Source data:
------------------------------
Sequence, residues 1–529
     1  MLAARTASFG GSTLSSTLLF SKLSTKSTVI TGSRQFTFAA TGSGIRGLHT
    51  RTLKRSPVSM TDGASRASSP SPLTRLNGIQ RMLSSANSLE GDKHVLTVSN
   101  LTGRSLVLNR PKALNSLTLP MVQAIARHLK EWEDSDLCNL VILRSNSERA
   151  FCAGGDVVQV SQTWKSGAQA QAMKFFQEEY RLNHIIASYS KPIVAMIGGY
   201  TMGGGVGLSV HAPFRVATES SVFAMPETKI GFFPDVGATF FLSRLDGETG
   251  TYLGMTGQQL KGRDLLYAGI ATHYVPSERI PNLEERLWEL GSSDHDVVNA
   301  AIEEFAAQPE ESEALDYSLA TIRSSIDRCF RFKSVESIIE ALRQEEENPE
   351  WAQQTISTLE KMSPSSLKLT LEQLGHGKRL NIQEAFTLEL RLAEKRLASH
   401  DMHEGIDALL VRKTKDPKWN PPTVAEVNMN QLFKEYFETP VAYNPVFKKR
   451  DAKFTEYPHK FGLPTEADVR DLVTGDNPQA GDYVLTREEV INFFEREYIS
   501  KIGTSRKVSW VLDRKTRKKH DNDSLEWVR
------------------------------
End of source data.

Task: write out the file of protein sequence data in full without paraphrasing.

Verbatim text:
Sequence, residues 1–529
     1  MLAARTASFG GSTLSSTLLF SKLSTKSTVI TGSRQFTFAA TGSGIRGLHT
    51  RTLKRSPVSM TDGASRASSP SPLTRLNGIQ RMLSSANSLE GDKHVLTVSN
   101  LTGRSLVLNR PKALNSLTLP MVQAIARHLK EWEDSDLCNL VILRSNSERA
   151  FCAGGDVVQV SQTWKSGAQA QAMKFFQEEY RLNHIIASYS KPIVAMIGGY
   201  TMGGGVGLSV HAPFRVATES SVFAMPETKI GFFPDVGATF FLSRLDGETG
   251  TYLGMTGQQL KGRDLLYAGI ATHYVPSERI PNLEERLWEL GSSDHDVVNA
   301  AIEEFAAQPE ESEALDYSLA TIRSSIDRCF RFKSVESIIE ALRQEEENPE
   351  WAQQTISTLE KMSPSSLKLT LEQLGHGKRL NIQEAFTLEL RLAEKRLASH
   401  DMHEGIDALL VRKTKDPKWN PPTVAEVNMN QLFKEYFETP VAYNPVFKKR
   451  DAKFTEYPHK FGLPTEADVR DLVTGDNPQA GDYVLTREEV INFFEREYIS
   501  KIGTSRKVSW VLDRKTRKKH DNDSLEWVR